Tuesday, November 12, 2013

Update On In.Fuzion (And How Not To Respond To Reports Of Infringement)

First, an update. Nathan M. Robertson's efforts to sell Fuzion-based products without a license, and with large portions of other people's works included, have ceased. DriveThruRPG, Lulu and Scribd have all removed Cerberus Gaming Combine's offerings - only Amazon remains, and Mike Pondsmith will need to deal with that. Additionally, their website has also been taken offline and apparently a Twitter account has been removed. Some actions are obviously the work of copyright holders notifying the hosting services, while others (such as the website and Twitter) may be memory holing at its finest.

Nathan, who has gone by the username tectuctitlay on a few forums, looks like what I would like to dub a serial compiler. He collects up bits and pieces of things posted around the Internet (it looks like, in this case, GURPS in particular) and reassembles them into a coherent document. This is a pretty common pastime for gamers that were heavily involved in early Internet roleplaying communities like UseNet. Heck, I did much the same thing years ago with Mekton material (and some Fuzion as well). The tidbits that people posted to different groups were scattered, and it made it easy to find for myself (with the added benefit of making it available for others). I always referenced where I found a rule or mechanic from, when and where I could - and I always respected the creator's wishes when they didn't want it mashed together with somebody else's stuff.

Where Mr. Robertson appears to have gone wrong is assuming that he had some ownership in the Fuzion materials because he put work into it. You can see the mindset at work in the screenshot from DTRPG that I thankfully grabbed before they pulled the plug on his products (click to embiggen).

Hey, I changed the engine in your car without asking, so I'm just going to take it, mkay?

He took it upon himself, without asking any kind of permission, to rewrite someone else's work. By his logic, since only "20-25%" is left over (the old 30% myth rearing it's head again?) it somehow changes the fact that it wasn't his place to do it in the first place. On top of that, he throws up a defense of, "It was shit to begin with, I just fixed it". Because that totally makes it all right.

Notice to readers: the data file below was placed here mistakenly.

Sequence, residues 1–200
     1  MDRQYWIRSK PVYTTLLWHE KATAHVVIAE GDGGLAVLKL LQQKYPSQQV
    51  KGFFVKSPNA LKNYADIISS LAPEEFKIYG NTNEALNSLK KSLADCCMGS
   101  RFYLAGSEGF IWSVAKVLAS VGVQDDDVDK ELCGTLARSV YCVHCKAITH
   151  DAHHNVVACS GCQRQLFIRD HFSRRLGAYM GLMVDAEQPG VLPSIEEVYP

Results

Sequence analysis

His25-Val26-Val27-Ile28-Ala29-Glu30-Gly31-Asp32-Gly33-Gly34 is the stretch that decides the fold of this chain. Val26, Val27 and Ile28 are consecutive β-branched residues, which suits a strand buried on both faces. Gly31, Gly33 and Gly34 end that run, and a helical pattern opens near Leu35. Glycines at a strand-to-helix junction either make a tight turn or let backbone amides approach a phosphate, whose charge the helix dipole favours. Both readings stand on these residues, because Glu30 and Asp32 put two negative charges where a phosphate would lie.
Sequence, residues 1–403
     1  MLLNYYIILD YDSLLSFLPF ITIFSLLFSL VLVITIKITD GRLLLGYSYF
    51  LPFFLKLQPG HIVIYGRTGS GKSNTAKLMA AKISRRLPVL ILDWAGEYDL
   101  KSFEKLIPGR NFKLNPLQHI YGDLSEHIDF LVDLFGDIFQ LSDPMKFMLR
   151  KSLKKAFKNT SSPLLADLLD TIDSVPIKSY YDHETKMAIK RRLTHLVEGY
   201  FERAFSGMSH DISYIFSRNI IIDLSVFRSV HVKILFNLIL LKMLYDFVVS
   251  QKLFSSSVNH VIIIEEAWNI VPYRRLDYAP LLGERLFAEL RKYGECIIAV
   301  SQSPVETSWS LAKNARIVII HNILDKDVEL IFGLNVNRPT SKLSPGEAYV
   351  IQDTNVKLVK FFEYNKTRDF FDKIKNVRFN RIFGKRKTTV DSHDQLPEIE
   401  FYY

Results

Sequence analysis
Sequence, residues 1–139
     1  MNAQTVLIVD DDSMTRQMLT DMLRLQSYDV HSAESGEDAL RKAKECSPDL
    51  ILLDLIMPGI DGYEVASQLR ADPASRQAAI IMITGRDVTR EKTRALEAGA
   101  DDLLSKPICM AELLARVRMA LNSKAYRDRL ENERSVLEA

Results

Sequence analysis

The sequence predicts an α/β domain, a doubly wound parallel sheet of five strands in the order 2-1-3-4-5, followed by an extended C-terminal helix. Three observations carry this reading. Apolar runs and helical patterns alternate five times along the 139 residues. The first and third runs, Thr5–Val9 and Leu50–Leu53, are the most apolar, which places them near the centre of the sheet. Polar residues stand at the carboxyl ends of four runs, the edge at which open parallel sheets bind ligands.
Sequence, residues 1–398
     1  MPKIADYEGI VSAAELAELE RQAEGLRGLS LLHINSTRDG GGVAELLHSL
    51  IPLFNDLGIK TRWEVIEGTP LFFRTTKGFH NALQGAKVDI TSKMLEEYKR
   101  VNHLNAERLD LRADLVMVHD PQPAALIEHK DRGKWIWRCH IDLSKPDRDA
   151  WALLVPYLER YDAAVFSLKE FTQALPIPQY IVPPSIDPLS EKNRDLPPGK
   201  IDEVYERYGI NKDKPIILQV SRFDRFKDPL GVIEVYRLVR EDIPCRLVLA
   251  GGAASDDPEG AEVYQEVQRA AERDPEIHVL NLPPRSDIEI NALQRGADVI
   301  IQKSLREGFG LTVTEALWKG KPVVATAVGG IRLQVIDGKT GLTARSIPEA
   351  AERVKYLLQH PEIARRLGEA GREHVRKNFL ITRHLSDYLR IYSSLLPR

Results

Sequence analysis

This is followed up by claims (which I unfortunately didn't get) that because the cover to his Fists of Fuzion was just the first image that he grabbed when searching that it was somehow okay that it was an image copyrighted by Midway. A fact that he dismissed as "nitpicky".

No Sparky, it's not a lot of effort to figure this stuff out

Finally, we get the "Mine's totally different, even though it looks the same argument." As well as a wrong assumption about the licensing status of Fuzion in general.

Apparently, he go this information from the same cereal box Mykal Lakim's lawyer did.
Setting aside copyright and legalities here, it's not rocket science to figure out that if someone else created something or owns something, it's not yours regardless of how much work you put into it. It's certainly not yours to try to charge people money for. Obviously there's a gray area between where something becomes truly your work and stops being somebody else's - but slapping some new art and paraphrasing some rules is definitely not in that gray area at all. Especially if you're going to use the same names (or similar) as extant products.

For the time being, it looks like this was a pretty quick flashfire. No threats of lawsuits, no cray-cray Twitter exchanges, just the torpedoed hulk of Cerberus Gaming Combine sinking beneath the waves. But the word I used above was serial. Remember that novel that the Eldritch Dark Forum talked about? Same guy, same MO. Take a bunch of posts and other material, edit it together, and try to publish it as their own. That means that there's a chance he'll be back.

EDIT: I want to make something clear. There is nothing inherently wrong with gathering up hacks or creating derivative works or creating conversions or adaptations of other systems or properties. I do this myself. It's the putting it up for sale to profit off of it, without asking for permission or getting a license, that is the issue. Getting snippy about it and calling people "Hoss" and "Chief" is just the douche in the canoe.